It's been my impression that in the US at least (and a bit of personal experience here) that there are many people attracted to Soto Zen that have a somewhat disdainful attitude towards what they see as the 'religious' end of Buddhism, and incorrectly take a couple of the positions of Zen to mean something they might not mean historically.
II admit i'm not totally in the know of the doctrinal positions of Soto Zen, but i've read stuff here and there, and have some experience of Zen practice, to me..it reads like what it is, which is a school of Mahayana Buddhism. Many forms of Buddhism (in fact arguably most of the Mahayana) takes takes a similar approach that we are already Buddha, that the pure land is obtainable here and now etc. However, it seems some Modern Soto folks have taken this kind of thing to mean that anything outside this interpretation is incorrect, and that it being "here and now" means that's the only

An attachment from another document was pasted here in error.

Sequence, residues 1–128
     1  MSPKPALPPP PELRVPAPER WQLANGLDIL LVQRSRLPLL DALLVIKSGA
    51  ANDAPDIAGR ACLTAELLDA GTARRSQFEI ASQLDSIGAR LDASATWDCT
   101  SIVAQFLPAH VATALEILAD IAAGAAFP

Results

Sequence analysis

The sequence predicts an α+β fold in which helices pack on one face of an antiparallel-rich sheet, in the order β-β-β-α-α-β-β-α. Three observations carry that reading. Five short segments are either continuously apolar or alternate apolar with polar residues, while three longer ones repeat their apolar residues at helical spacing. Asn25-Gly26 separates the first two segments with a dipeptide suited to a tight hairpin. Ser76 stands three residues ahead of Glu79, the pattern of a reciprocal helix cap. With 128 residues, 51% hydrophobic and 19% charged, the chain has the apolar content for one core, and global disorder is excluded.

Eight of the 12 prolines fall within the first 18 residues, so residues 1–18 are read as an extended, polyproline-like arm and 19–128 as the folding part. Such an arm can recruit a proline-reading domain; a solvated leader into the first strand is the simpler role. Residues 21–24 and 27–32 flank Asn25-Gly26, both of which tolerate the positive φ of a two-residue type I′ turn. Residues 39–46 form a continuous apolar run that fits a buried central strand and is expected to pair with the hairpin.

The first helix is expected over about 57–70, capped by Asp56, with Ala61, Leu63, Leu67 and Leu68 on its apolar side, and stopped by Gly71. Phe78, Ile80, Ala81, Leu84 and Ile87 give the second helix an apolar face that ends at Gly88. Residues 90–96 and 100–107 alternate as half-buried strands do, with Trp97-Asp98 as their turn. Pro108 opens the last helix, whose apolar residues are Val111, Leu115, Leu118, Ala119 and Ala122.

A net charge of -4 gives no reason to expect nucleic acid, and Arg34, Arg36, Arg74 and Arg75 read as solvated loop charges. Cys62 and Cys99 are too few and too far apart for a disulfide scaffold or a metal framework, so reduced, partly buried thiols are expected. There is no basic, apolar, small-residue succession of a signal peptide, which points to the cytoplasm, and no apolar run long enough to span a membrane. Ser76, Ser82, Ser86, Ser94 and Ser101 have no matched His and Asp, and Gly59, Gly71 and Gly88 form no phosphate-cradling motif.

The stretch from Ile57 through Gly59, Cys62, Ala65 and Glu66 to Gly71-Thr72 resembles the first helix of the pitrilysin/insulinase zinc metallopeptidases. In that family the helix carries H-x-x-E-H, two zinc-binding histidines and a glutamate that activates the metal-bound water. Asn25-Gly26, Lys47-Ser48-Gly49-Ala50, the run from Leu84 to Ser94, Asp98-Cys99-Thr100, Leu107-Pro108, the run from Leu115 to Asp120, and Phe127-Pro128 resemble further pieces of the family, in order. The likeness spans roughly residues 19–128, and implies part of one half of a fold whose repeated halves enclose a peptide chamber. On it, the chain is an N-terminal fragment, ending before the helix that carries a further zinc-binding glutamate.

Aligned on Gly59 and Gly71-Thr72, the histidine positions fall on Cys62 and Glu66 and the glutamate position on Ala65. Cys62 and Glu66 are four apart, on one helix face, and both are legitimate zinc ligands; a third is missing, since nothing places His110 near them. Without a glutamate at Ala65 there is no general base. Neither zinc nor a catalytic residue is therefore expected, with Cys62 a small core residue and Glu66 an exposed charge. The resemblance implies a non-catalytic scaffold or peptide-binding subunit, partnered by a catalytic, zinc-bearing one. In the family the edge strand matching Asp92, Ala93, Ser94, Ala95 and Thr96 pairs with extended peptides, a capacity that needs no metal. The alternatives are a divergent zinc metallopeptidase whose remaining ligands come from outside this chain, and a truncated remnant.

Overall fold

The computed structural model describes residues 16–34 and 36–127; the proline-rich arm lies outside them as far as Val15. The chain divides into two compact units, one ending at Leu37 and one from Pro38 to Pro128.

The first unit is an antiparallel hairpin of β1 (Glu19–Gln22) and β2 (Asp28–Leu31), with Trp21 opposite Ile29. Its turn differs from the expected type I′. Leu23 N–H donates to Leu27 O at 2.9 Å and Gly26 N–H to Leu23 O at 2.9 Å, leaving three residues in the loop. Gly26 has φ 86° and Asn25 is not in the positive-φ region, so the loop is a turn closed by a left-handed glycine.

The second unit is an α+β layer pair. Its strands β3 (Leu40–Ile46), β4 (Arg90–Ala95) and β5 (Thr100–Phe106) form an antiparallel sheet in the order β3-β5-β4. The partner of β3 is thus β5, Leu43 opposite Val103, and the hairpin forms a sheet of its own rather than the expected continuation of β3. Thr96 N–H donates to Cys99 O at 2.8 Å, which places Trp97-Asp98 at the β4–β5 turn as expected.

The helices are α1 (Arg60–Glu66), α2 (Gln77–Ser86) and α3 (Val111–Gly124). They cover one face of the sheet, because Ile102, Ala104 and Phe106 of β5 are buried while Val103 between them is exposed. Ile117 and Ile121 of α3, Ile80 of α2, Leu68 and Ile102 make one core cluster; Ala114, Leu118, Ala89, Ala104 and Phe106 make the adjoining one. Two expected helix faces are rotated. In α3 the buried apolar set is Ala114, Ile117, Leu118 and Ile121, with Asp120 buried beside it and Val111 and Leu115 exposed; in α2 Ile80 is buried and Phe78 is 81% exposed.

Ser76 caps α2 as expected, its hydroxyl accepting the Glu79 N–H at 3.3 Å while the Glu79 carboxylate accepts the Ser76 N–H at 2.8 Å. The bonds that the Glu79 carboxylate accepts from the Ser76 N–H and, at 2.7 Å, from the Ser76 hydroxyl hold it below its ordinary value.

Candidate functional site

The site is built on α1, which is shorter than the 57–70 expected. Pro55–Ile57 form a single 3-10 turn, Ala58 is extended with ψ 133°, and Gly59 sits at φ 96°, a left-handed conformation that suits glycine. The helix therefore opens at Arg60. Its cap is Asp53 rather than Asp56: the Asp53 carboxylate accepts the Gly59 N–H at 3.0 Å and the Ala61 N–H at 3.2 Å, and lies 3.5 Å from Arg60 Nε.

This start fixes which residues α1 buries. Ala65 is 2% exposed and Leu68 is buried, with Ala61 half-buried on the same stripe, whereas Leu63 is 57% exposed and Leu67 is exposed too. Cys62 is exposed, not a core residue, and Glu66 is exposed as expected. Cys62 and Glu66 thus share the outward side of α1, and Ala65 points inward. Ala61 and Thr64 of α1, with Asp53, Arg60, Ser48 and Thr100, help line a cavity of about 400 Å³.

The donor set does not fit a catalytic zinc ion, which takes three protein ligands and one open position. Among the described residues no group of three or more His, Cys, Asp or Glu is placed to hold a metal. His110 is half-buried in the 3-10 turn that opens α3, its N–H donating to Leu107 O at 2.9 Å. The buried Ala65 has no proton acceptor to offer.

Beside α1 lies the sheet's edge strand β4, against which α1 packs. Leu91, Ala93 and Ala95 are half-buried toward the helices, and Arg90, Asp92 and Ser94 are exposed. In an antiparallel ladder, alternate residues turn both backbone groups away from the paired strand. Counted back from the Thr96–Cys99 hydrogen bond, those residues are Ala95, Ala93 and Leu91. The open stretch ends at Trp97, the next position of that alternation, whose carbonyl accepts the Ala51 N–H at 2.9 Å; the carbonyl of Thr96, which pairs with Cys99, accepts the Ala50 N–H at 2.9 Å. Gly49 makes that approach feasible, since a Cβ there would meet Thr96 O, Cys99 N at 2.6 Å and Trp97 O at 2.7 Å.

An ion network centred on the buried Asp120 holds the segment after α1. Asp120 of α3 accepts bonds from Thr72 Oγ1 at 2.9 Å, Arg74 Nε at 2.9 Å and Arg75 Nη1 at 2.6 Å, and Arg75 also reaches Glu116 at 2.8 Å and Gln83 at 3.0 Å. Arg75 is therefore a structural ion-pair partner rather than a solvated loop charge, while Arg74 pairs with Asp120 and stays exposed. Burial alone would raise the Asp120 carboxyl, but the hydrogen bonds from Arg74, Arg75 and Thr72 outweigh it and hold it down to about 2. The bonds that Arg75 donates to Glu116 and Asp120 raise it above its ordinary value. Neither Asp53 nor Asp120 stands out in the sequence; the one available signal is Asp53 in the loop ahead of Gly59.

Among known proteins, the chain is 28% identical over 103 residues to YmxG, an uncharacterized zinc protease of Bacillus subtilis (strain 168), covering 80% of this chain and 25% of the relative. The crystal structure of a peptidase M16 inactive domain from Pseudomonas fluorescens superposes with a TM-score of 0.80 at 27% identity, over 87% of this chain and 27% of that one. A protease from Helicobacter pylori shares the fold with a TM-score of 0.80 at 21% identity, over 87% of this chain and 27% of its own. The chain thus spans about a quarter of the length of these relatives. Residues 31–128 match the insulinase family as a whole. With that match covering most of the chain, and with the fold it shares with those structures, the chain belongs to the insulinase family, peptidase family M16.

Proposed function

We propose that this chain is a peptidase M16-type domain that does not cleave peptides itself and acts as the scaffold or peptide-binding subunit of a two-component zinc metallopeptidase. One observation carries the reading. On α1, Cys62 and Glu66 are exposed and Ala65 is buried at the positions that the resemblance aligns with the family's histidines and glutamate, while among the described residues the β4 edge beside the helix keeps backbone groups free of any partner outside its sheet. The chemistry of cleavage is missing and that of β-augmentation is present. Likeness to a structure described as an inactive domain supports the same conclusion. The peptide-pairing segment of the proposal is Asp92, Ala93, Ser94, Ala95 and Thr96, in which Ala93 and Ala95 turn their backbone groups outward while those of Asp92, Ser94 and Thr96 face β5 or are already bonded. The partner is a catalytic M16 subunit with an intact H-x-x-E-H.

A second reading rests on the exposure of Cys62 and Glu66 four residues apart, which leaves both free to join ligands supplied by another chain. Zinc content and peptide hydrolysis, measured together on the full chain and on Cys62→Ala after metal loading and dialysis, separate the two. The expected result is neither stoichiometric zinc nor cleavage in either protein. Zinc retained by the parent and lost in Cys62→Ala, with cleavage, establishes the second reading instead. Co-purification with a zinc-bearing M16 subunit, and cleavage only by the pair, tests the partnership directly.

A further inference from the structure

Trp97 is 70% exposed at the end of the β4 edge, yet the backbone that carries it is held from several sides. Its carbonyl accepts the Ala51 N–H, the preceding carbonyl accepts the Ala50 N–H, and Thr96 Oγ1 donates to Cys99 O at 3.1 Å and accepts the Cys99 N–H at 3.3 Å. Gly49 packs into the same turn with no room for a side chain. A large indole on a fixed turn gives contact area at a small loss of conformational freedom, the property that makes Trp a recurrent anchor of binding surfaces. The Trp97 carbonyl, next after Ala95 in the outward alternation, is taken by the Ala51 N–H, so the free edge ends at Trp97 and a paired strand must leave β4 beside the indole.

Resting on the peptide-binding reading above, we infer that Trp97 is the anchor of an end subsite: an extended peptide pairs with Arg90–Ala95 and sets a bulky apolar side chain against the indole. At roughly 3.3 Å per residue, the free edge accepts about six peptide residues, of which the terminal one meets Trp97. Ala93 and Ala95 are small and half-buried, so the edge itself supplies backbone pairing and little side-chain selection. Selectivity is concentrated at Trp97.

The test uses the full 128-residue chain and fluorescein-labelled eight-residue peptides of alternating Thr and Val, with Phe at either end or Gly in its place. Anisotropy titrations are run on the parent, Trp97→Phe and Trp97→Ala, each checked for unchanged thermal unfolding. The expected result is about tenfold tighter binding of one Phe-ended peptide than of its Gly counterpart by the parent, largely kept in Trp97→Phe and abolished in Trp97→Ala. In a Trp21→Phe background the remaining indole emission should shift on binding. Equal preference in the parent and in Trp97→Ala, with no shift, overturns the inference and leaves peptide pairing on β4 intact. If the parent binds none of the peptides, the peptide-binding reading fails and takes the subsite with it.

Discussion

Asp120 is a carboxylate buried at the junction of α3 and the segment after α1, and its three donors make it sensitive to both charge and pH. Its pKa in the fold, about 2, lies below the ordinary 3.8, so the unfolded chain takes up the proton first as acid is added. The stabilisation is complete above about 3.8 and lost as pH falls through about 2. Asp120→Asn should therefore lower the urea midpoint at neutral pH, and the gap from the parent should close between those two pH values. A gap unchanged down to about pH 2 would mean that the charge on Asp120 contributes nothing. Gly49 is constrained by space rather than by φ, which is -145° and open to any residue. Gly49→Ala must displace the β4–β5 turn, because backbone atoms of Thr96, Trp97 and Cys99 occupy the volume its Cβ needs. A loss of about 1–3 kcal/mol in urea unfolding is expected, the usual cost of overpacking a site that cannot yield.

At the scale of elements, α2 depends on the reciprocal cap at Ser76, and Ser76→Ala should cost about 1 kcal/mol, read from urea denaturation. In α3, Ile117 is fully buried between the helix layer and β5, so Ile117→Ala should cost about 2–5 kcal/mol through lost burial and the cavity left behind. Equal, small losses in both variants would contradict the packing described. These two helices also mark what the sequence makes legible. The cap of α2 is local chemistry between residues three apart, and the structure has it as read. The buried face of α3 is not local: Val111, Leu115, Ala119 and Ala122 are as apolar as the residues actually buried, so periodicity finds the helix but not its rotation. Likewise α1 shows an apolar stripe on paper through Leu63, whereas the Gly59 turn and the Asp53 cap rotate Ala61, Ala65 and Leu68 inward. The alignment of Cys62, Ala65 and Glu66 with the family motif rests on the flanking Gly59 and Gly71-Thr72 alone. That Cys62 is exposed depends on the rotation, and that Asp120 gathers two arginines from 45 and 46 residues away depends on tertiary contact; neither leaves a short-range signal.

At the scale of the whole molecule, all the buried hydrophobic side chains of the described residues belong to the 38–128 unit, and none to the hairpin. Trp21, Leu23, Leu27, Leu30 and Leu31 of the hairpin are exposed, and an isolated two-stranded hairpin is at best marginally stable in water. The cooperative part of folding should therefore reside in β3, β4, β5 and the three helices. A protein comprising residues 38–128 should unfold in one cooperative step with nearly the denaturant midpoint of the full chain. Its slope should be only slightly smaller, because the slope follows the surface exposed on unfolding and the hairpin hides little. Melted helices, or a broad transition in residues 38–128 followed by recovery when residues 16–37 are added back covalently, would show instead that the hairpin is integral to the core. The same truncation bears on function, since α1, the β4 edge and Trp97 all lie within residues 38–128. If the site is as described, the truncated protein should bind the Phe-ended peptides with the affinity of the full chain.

mode things exist in, that it's only
here and now. That is very different from what i've read of Zen, where Bodhisattvas are revered etc., and the general worldview is still Mahayana Buddhism.
I have never read anything from a "traditional" source Zen wise (though maybe it exists) that differs very much from typical Mahayana ideas in terms of worldview, the difference seems to me to be the premium on a "back to basics" approach regarding meditation, and a somewhat iconoclastic viewpoint - not denial of standard Buddhist doctrine. In fact, as an example (though this is Rinzai, not Soto I think), I just read a commentary on The Ten Oxherding Pictures - http://www.buddhanet.net/oxherd1.htm
It is so similar in theme (though of course the style is different) to reading texts from other Mahayana teachings, that if it weren't for the pictures and cultural backdrop, I wouldn't even know it was Zen.
My guess is (again I could be wrong) that you were talking to a western Soto teacher that has taken a "secular" approach, for lack of a better term, take it for what it's worth, if it jives with you..great. If not, talk to someone else!
"Just as a lotus does not grow out of a well-levelled soil but from the mire, in the same way the awakening mind
is not born in the hearts of disciples in whom the moisture of attachment has dried up. It grows instead in the hearts of ordinary sentient beings who possess in full the fetters of bondage." -Se Chilbu Choki Gyaltsen